As many writers do, I swallow other people’s pain until it gives me a tummy ache. Vile presidents don’t make me laugh; they make me conjure up ways to show up at the doorstep and turn that white into red. Fury infiltrates me, sends me into nightmares that continue long after I’ve opened my eyes. And so, being in control of what I exposed myself to provided me with safety. In my own company, my natural inclination for positivity went wild. Nobody contradicted my stubbornness to seek out good; no one said I should be less forgiving to the cruel, that kindness made me weak. Instead, I kept coming back to these sentences I had written down months ago while watching a rapist and his victim give a talk together: “. . . how will we understand what it is in human societies that produces violence if we refuse to recognize the humanity of those who commit it?”
Writing asked of me bravery, a willingness to enter heaven and hell with equal enthusiasm. I did not protest. A by-product of no one being around to receive my grievances, in person or in pixel, was that they came to an immediate halt. Complaining was poison.
You must be disciplined, people say to me, to dedicate yourself to something like that, day after day after day. I heard a writer once say it is like having an affair. You are tortured by it, but you make time for it. You sneak a minute in the bathroom, an hour before work, late at night after the kids are asleep—even if you know there is every chance no good will come out of it.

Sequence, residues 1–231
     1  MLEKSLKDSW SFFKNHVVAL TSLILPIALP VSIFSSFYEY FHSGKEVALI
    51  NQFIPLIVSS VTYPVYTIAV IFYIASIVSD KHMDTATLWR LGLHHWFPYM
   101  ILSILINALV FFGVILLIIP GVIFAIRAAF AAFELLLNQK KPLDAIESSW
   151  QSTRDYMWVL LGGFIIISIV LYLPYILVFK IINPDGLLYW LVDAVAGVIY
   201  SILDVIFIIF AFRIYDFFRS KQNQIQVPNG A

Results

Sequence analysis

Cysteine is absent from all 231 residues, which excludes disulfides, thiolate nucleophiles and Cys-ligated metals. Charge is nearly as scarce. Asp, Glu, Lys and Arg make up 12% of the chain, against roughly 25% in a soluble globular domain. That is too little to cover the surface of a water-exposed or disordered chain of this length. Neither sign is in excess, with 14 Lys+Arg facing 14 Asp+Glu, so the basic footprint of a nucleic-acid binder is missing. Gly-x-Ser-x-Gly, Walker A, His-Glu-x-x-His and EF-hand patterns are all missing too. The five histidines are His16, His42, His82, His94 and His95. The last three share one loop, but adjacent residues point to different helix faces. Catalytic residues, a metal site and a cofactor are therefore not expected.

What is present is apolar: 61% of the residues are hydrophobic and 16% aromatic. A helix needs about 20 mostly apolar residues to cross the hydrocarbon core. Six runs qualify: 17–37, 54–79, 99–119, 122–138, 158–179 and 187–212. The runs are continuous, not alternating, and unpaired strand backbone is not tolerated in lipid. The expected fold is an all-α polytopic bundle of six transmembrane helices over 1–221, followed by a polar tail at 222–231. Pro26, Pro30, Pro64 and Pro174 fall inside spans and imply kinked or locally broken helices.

You do it because your desire for it cannot be controlled; your passion overtakes the practice. I am not a morning person, but I rose in unison with the sun every day in New Zealand, so excited to do the damn thing.
Writers don’t share enough, myself included. I am a novice to fiction and I am desperate to know how other writers write. Not after their work has received recognition, but before, or in that suicidal middle. So I offer my confessions in the hope I’ll receive some in return. My first drafts are horrible; they sound like a sappy teenager wrote them. Self-criticism decapitates my creativity; I have to coax it into staying a safe distance away. I want to strangle my characters’ necks at times for lack of being able to understand them. The knowledge that someone will read what I am writing stuns my authentic voice into submission. I make myself sound the way I want to be heard. But when I write for myself, when I lie and pretend I never want to be published, I am a freakin’ badass. I own that white page.
That is a phrase I borrowed from my husband. I’d come home from my writing class fixating over students' comments about my fiction and he’d say, you own that story, you own that paragraph, you own Gotham Writers. Hiding my face in my palms, I’d mumble through the gaps in my fingers that competition did not motivate me, and I did not in fact have ownership of any of those things. The one thing I discovered like gold in New Zealand was that my solitude has not been a lonely endeavor. Solitude and loneliness get lumped together rather unfairly.